A large open-air performance pavilion and two gazebos set amidst lily ponds to the west of Pura Luhur are excellent places to rest and enjoy a panorama of rice fields and white wave crests curling against the black sand coastline as far as the eye can see.

Continuing west along the main road, another important temple is situated along the coast southwest of Mendoyo. This is Pura Gede Prancak, where Danghyang Nirartha is believed to have first landed. A peaceful shrine of white stone here sits on the banks of the placid Prancak River, which empties into the sea about 100 in south of the temple.

To reach it, turn left off the main road in Tegal cangkring, 8 kms west of Rambut Siwi and follow a narrow back road one and a half kms to an intersection marked by a monument. Turn right and continue west about 9 kms. The temple is on your right where the road turns south along the Prancak River.

At the time of Danghyang Nirartha's arrival, this area was controlled by the debauched ruler, Gusti Ngurah Rangsasa, who obliged the newcomer to pray in his temple. When the holy priest complied, the temple structures collapsed. Gusti Ngurah Rangsasa then fled and the community rebuilt the temple in honor of Danghyang Nirartha and his teachings.

Tones of the giant bamboo

JegogJembrana is home to a number of fascinating art forms found nowhere else. By far the most popular and thriving of these is the fabulous Gamelan Jegog, a big bamboo orchestra whose deep, resonating tones vibrate through the air almost every night in Jembrana.

Gamelan Jegog is an ensemble of fourteen bamboo instruments so big and resonant that their vibrations are felt by the body as much as the ears. The biggest are so tall that musicians have to sit on top of them in order to play them by striking the keys with heavy mallets. These larger instruments play low pitched melodies, while the smaller ones spin out intricately syncopated variations with dazzling precision and speed. The result is a dense, multi-layered fabric of sound, above which a single bamboo flute trills a sweet, sinuous melody.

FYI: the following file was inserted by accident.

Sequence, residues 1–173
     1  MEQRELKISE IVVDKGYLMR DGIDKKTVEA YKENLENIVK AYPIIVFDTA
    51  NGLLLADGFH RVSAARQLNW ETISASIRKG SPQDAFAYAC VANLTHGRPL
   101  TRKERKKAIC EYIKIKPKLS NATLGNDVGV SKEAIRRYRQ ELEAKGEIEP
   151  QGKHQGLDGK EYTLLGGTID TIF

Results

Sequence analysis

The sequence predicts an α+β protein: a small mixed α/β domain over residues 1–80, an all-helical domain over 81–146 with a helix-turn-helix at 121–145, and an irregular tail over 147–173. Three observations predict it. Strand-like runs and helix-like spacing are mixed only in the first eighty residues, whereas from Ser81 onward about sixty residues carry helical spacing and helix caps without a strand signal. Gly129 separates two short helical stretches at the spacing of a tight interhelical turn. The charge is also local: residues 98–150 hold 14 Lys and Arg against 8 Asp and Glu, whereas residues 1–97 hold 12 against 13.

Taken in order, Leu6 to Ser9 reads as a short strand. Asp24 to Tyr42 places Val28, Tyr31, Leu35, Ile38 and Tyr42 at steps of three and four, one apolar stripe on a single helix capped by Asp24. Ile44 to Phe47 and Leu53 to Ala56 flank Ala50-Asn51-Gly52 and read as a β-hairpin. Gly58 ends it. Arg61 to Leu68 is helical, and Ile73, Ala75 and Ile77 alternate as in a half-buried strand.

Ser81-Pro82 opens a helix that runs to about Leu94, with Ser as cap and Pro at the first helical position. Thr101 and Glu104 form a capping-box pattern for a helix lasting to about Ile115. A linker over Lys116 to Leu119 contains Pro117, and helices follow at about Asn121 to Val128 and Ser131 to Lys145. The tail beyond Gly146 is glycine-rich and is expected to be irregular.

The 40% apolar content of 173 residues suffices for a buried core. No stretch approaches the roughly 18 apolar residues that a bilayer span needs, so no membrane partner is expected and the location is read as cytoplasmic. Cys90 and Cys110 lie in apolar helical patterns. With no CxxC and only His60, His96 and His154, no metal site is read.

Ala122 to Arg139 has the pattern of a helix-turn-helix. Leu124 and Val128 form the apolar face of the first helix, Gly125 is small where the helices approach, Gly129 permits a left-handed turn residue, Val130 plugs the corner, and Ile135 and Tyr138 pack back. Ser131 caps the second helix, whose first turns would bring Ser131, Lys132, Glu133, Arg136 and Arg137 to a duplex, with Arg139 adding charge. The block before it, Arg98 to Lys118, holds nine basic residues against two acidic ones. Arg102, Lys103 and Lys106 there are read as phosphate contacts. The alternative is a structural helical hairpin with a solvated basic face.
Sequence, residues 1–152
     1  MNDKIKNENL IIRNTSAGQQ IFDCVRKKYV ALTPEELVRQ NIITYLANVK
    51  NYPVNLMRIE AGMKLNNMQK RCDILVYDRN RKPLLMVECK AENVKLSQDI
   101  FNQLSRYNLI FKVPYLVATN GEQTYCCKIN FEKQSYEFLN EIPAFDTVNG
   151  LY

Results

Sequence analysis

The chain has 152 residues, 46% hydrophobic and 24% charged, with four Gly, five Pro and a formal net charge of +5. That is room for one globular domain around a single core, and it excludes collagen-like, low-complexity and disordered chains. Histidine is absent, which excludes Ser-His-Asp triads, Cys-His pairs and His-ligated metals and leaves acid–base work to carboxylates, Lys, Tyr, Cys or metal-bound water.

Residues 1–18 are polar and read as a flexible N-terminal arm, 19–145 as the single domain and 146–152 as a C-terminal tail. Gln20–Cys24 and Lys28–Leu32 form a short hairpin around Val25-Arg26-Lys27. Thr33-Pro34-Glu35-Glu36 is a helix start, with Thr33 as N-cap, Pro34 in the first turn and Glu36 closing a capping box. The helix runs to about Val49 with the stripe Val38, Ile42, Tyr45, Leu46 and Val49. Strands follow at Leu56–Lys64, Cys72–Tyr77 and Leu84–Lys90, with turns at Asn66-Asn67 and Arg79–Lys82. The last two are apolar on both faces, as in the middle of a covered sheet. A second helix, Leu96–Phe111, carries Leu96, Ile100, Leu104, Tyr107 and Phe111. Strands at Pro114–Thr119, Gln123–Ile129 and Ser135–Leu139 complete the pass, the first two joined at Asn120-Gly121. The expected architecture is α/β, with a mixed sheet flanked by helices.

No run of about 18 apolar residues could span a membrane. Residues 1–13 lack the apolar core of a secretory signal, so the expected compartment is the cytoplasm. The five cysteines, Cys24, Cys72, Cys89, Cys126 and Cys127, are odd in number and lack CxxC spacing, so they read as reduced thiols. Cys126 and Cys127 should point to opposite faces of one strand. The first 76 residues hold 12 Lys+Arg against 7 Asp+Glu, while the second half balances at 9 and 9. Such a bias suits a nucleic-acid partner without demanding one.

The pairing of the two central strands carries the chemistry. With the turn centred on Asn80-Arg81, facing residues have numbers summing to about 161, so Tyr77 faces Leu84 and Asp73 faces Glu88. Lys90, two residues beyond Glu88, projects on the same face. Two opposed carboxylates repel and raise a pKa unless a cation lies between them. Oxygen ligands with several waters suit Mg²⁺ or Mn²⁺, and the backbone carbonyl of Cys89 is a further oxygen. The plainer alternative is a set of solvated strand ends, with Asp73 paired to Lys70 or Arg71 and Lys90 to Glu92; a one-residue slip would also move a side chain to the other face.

The most prevalent form of jegog today is the awesome Jegog Mebarung where two or more orchestras perform together. Each plays in turn, pitting their skills against one another in a fierce musical battle. Jegog mebarung is an unforgettable event to witness. The instruments sway back and forth, the musician's bob up and down, and the onlookers cheer enthusiastically, occasionally helping the musicians to replace a broken key. The winner is the ensemble that can make itself heard above the frenzy.

Jegogs are also evaluated for their visual appearance. The wooden components of the instruments are all finely carved and brightly painted, with tall ceremonial umbrellas and handsome statues affixed to the big instruments in the back.

Jegog from frontOther interesting art forms of the area include the Jegog Dance, as unique as the gamelan itself, Pencak Silat, which is a mixture of choral singing, theater, martial arts and acrobatics, supervised by a sharp-tongued jester named Dag, and a daredevil knife dance called Cabang. All of these have roots in the performing arts of Java, Madura, and the Malay world. In recent times, traditional Balinese dances and dramas from the gamelan gong repertoire have been set to jegog music, and these renditions have become even more popular than the originals.

Kendang Mebarung, a contest of giant drums, shares the competitive spirit of jegog mebarung. The contest is between two oversized drums, each 2 to 3 meters in length and one meter in diameter, accompanied by abbreviated gamelan angk1ung ensemble. When the drums compete, at cremation ceremonies, national holidays, or simply for pub' lic entertainment, the drummers play interlocking rhythms that challenge each other's resonance, volume, and rhythmic dexterity.